- Benefits and features
Don’t be shy about what you can bring to the table. People want to know what sets you apart from the rest of the field, and this is the time to brag about your achievements and the benefits your clients will receive when they choose you as their financial ally.
- Awards and accolades
Recognition, certifications, and association memberships within your industry communicate trust, respect, credibility, expertise, and extreme value. Having these distinctions visible to your prospects tells them you deliver on your promises and are worthy of their business.
- Social proof
According to Deloitte’s The State of Corporate Reputation in 2020: Everything Matters Now, an average number of global executives attribute 63% of their company's market value to their reputation. That means online testimonials, engagement and interactions through social media, and everything under the social umbrella contributes to your perception, which in turn directly contributes to your business success.
Five Firms Who Have Nailed Down Their Branding
Now that we’ve dissected a few of the critical components of what actually makes branding “killer,” let’s put theory into practice by taking a look at five real financial firms, both small and large, who have nailed down their branding.
- Evensky & Katz
Evensky & Katz has been in the financial services field for 35 years and counting, and that is clearly the pillar they’re choosing to stand upon with their branding. With two locations in both Lubbock, Texas, and Coral Gables, Florida, they’ve identified a niche within their industry that speaks to a “boutique size and culture – combined with the spirit, fellowship, and character of our fiduciary team.”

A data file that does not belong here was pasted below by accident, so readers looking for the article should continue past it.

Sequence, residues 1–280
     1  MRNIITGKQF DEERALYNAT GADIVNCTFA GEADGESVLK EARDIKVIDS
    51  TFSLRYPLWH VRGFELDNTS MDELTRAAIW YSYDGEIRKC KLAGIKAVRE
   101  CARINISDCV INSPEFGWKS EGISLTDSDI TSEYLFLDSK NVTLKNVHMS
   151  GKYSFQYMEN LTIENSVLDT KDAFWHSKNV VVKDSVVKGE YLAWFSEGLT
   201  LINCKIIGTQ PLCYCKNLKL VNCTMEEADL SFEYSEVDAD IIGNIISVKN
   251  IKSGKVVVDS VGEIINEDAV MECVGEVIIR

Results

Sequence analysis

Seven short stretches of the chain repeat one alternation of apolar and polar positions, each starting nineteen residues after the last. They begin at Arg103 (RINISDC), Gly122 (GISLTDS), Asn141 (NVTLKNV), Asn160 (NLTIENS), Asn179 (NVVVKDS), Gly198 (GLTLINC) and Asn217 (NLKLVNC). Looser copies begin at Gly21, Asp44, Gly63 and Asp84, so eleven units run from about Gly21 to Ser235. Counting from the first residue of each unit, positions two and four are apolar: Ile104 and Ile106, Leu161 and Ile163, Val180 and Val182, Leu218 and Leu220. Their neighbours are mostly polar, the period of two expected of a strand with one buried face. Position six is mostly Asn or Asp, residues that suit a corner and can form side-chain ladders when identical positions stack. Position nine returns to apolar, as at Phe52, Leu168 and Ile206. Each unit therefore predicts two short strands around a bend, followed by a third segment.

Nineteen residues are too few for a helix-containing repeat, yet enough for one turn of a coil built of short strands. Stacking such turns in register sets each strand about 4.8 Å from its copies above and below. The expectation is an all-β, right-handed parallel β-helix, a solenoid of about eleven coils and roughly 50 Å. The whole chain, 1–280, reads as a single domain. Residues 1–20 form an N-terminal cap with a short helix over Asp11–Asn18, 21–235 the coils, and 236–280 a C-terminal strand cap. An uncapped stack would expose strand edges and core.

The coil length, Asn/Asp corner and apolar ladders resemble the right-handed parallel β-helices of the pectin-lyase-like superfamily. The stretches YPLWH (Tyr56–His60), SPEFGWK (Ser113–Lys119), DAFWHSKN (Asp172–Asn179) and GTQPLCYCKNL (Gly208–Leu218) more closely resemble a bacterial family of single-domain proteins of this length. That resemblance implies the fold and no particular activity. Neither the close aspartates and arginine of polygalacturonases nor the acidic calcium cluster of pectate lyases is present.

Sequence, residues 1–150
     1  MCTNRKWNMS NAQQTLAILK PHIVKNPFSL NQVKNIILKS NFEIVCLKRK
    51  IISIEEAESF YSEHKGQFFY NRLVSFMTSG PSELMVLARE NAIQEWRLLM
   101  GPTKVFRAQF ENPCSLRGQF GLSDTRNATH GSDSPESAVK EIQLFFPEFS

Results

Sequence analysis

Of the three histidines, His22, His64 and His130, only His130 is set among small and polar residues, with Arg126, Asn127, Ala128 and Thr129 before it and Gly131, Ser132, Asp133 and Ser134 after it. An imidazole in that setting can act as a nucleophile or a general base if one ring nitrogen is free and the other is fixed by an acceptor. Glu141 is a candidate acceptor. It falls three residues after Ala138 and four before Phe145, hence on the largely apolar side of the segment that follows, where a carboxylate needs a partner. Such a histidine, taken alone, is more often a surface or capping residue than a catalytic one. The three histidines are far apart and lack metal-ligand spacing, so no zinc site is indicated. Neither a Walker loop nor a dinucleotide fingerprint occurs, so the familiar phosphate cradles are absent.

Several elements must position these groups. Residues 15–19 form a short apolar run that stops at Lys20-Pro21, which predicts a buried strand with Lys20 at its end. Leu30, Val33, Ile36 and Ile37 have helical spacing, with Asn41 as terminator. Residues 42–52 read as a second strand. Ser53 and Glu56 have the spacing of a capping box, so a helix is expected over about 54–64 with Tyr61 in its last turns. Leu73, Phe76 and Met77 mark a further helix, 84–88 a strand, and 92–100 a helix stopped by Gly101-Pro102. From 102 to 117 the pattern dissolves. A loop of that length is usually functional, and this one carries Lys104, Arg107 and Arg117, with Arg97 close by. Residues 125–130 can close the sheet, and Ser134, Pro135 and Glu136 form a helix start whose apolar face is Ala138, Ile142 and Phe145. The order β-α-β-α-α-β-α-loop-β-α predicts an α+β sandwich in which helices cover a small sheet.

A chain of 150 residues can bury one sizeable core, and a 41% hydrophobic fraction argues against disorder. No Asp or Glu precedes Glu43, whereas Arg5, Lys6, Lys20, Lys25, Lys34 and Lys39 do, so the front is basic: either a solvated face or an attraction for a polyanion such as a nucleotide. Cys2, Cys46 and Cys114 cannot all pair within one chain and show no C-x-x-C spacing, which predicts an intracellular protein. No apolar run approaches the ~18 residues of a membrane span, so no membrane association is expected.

Their logo is clear and immediately communicates their years of accumulated financial knowledge. Further accentuating their nearly four decades of experience, Evensky & Katz continues to use their website as means to communicate trust, especially through taglines such as “Live well. Rest easy.” and “Your goals – they’re our goals, too.”
Furthermore, Evensky & Katz has intentionally utilized photos, such as the canyons of West Texas and the oceans of Florida to easily appeal to and address their niche market, while continuously using the soft, cool blue tones in their style guide (a color you’ll often find in the financial and wealth management industry) to communicate calmness and serenity.
- APU, Inc
Asset Protection Unit, Inc is a no-nonsense, “born out of necessity” business, and their website communicates this well.
Upon entering their website you notice how simple and clean it is, which makes room for punchy copy (“...It’s your money. Get it back.”) that goes straight to the heart of the value they bring to their clients.